Sydney Hornby Lighthouse
Hornby Lighthouse at Watsons Bay - scope design
NSW Public Works, Heritage Environment and Planning team provided historic and technical research, advice, and tender documentation for conservation works to the Hornby Lighthouse.
Historical research and a heritage assessment provided context, level of significance and established that the unusual vertical red and white stripe colour scheme on Hornby Lighthouse was an original feature dating from 1858.
Modern paint systems can often have a devastating effect on the long-term conservation of sandstone, which is the principal building fabric of Hornby Lighthouse. This is primarily due to the lack of breathability of modern paint systems which prevent water vapour passing through sandstone (or masonry), trapping moisture causing salts and mould to build up or even blowing the paint and surfaces of the stone off completely.
Client: NSW Port Authority
Location: Inner South Head, Sydney Harbour National Park
- scoped external conservation works
- colour scheme and technical paint analysis
- maintenance schedule
- archival photographic recording
- Interpretation options
- structural engineering assessment
- technical specification
- update S170 inventory sheet
- condition and heritage assessment.
Complete removal of the painted finish was ruled out for the following reasons:
- The early paint systems and layers provide important historic evidence and a record of changing paint technologies.
- The paint systems and colour scheme are a unique navigational identifier, enhance the historic character of the lighthouse and aid the interpretation of overall heritage significance.
- Evidence of historic paint finishes are rare within the setting and amongst lighthouses.
- An alternative to non-breathable, modern paint was needed to prevent damage to significant sandstone and prolong its functional life.
The objectives of the replacement paint system sought to achieve the following:
- Conservation of the significance of Hornby Lighthouse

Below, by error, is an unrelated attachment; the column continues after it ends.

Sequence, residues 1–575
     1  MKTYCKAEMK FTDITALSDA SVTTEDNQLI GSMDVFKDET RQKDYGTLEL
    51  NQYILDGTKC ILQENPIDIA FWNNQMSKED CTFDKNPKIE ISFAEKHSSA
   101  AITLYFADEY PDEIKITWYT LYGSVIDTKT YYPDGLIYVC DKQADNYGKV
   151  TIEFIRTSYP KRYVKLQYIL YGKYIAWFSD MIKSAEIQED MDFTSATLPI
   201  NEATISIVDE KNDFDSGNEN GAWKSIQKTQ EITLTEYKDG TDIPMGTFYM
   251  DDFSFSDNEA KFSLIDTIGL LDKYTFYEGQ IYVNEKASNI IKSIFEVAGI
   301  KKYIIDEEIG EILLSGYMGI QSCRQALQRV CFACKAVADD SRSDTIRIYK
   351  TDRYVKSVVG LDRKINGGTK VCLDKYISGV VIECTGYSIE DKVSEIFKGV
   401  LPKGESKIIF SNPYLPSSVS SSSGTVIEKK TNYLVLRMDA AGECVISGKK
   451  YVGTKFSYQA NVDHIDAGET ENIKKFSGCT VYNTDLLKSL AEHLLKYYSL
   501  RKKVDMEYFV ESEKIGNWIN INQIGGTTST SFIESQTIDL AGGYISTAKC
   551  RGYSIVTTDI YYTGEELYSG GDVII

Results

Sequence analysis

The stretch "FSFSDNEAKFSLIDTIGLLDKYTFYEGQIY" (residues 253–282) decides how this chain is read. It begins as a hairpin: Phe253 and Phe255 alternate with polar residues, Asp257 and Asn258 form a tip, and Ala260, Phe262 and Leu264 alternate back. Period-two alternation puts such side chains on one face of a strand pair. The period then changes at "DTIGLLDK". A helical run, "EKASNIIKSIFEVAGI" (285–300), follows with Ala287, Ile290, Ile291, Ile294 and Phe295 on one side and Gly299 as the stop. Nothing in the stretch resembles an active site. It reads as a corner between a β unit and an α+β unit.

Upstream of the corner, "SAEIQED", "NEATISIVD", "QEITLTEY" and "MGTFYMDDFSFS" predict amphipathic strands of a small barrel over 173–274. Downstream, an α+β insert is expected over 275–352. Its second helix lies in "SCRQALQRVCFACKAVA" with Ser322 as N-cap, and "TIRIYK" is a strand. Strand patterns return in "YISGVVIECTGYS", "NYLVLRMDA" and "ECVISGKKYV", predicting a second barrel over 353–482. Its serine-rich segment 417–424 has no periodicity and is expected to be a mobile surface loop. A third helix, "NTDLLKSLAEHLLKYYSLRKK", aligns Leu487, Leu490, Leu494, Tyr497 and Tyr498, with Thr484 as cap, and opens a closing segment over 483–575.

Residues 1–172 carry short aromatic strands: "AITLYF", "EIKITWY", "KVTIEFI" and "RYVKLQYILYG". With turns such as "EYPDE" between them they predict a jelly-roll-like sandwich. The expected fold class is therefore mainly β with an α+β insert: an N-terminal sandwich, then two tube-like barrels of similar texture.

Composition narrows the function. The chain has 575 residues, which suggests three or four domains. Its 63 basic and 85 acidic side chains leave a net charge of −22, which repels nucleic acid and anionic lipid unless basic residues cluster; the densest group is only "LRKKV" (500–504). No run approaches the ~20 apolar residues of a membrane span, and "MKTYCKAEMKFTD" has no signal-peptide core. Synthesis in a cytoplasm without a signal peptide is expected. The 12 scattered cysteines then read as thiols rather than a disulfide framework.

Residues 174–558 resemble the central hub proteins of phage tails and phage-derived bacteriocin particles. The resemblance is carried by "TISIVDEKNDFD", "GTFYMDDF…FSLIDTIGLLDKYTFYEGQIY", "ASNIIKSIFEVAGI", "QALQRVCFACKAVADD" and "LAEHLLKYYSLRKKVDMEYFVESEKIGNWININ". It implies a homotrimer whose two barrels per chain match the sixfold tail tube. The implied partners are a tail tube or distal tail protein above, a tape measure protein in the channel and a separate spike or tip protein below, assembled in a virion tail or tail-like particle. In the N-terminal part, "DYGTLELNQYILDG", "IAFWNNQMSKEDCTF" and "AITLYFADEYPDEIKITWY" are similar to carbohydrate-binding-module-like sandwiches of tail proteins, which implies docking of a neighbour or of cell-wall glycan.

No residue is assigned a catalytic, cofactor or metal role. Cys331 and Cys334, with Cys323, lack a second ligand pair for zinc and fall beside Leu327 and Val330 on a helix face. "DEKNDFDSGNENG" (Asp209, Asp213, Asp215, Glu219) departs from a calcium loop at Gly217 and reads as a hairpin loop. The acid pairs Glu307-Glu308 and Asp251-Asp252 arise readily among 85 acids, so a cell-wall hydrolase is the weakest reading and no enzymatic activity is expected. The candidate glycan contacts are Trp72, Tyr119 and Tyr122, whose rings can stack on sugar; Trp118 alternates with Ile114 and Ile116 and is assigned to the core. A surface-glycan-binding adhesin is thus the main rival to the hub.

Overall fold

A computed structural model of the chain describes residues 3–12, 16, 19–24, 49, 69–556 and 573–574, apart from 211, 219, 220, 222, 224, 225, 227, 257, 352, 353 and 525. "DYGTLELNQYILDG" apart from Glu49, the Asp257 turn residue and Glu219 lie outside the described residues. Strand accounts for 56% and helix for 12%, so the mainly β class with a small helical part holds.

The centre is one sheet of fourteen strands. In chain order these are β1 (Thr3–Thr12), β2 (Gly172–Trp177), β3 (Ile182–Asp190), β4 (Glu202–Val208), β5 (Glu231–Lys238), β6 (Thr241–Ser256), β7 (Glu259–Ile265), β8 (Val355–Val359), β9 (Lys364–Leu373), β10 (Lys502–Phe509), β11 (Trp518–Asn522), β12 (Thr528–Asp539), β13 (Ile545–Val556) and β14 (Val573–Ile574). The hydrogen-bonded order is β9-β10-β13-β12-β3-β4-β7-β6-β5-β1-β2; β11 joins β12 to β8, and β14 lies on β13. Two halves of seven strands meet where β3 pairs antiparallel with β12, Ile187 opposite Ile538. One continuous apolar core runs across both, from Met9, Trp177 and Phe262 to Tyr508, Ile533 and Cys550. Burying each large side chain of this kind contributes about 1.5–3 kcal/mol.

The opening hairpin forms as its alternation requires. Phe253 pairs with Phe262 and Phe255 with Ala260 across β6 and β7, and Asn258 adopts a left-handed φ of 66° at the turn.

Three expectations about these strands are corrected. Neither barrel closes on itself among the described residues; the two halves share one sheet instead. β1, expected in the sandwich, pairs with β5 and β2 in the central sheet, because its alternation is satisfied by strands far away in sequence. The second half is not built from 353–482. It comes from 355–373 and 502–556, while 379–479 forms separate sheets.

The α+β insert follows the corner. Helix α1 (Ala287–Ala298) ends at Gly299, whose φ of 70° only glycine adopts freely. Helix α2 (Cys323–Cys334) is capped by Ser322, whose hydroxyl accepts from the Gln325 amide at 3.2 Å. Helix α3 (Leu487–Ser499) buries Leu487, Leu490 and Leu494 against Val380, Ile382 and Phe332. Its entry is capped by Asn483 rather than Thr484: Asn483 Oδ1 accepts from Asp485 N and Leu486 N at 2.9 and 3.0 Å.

- Provision of paint finishes that accurately reinstate and enable the maintenance of the historic presentation of the building its colour finishes and relationship to the setting.
- Provision of paint systems that serve to conserve the significant fabric of the Hornby Light including evidence of the chronology of paint finishes since initial construction in 1858.
- Provision of paint finishes that establish a sustainable time sequence of maintenance and replacement having due regard to the extreme environmental aspects of the location.
- Provision of Conservation works that serve to maintain and enhance interpretation of the Hornby Light for its continuing service as maritime aide and as a thematic [scenic] element within Sydney Harbour Foreshores National Park.
Analysis of the comparative performance of readily available paint systems on exterior stonework was undertaken that took into consideration the following properties:
- Chemical bonding
- Mechanical interlocking
- Colour fastness
Samples, trials and testing of a variety of suitable paint systems was undertaken.
Chronology of changes to the Hornby Lighthouse
Macquarie Lighthouse completed at Outer South Head
20 August 1857
Clipper Dunbar wrecked at South Head
2 October 1857
Tenders called for construction of a light house at Inner South Head
23 October 1857
Clipper Catherine Adamson wrecked at North Head
1 June 1858
Lighthouse permanently switched on
8 June 1858
Lighthouse named Hornby Light
Painting of the lighthouse by S.T. Gill shows the striped external paint scheme and a straight set of stairs to the entry door
Curved staircase first depicted on the lighthouse
South head gun battery completed nearby
The newly formed Sydney Harbour Trust takes control of Hornby Lighthouse
New railings fitted to balcony and stairs
Gas replaces kerosene as light fuel
Report to Federal government described Hornby Light as 'obsolete' but 'still useful'
Electric light installed, conversion to unmanned operation
Oscillating lens installed, changing beam form constant to regular flash. the lens was manufactured in 1877 by Chance Bros.
Light intensity upgraded
South Head becomes part of the Sydney Harbour National Park. Port Authority of NSW retains ownership and management of the lighthouse building only.